The supergiant star Betelgeuse turned out to be smaller than previously thought

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According to a new study by an international group of scientists, it may take another 100,000 years before the giant red star Betelgeuse dies in a fiery explosion. The study, led by Dr. Meredith Joyce of the Australian National University (ANU), not only gives Betelgeuse new life, but also shows that it is smaller and closer to Earth than previously thought.

Dr. Joyce says that the supergiant, part of the constellation Orion, has long fascinated scientists. But recently, it has been acting strangely. “Usually it’s one of the brightest stars in the sky, but since the end of 2019 we’ve seen two drops in the brightness of Betelgeuse,” Dr. Joyce explains.

It was suggested that the star is about to explode. But the new study offers another explanation. The scientists believe that the first blackout was due to a dust cloud, and the second was due to the star’s pulsations.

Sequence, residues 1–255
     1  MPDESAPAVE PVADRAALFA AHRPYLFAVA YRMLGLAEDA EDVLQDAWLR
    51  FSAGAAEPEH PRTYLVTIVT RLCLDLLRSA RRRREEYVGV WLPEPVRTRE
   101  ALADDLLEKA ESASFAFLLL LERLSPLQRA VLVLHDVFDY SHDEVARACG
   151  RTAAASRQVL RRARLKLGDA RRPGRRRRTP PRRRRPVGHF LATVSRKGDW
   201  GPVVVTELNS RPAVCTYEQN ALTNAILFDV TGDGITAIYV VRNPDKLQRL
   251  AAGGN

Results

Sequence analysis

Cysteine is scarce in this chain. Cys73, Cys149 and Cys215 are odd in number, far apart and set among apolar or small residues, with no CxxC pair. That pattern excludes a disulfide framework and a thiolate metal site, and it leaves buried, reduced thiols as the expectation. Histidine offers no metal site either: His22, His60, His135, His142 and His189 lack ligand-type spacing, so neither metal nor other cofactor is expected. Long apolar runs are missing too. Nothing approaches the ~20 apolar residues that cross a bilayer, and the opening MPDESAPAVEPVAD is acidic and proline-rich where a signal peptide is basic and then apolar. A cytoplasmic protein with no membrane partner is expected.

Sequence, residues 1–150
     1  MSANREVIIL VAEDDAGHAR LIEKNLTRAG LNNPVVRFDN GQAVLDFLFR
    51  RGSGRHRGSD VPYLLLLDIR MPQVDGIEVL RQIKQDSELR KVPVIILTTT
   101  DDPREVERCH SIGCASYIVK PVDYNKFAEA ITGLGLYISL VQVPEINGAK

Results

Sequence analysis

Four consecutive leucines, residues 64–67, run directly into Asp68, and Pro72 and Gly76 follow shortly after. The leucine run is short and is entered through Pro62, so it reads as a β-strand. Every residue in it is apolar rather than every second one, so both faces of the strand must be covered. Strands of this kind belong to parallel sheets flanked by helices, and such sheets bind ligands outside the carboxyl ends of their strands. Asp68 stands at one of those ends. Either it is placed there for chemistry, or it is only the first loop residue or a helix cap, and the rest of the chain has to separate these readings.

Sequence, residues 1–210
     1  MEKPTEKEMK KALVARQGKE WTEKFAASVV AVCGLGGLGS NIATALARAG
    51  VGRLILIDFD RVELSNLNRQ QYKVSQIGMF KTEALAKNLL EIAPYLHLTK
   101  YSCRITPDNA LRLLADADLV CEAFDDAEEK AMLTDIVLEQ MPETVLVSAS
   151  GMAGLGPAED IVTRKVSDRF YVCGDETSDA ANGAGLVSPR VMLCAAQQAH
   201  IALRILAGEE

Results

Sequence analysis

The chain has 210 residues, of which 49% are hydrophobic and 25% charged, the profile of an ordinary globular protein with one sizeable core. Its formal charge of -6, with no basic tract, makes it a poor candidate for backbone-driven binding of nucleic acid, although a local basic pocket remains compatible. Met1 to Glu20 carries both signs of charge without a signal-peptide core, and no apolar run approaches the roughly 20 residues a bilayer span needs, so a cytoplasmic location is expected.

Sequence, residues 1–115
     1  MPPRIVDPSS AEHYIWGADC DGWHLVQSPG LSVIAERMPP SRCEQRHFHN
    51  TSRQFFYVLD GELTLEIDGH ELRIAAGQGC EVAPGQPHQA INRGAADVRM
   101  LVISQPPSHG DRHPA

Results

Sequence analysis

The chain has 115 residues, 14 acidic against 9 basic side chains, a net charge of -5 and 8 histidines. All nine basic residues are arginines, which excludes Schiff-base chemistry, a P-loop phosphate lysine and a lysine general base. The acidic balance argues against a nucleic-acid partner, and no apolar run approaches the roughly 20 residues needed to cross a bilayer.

Using hydrodynamic and seismic simulations, the scientists were able to get a clearer idea of the phase of Betelgeuse’s life. It turned out that the cause of Betelgeuse pulsation were pressure waves. Scientists claim that once helium burns in the core of the star, it means that it is far away from explosion. Until then, at least 100 thousand years will pass.

The researchers also note that the actual physical size of Betelgeuse was a mystery. For some time, it was believed that it could be larger than the orbit of Jupiter. The results of a new study say that the size is not more than two-thirds of this value.

Based on these findings, the scientists were able to determine the distance of Betelgeuse to Earth. Calculations showed that this is only 530 light years away, that is 25% closer than previously assumed.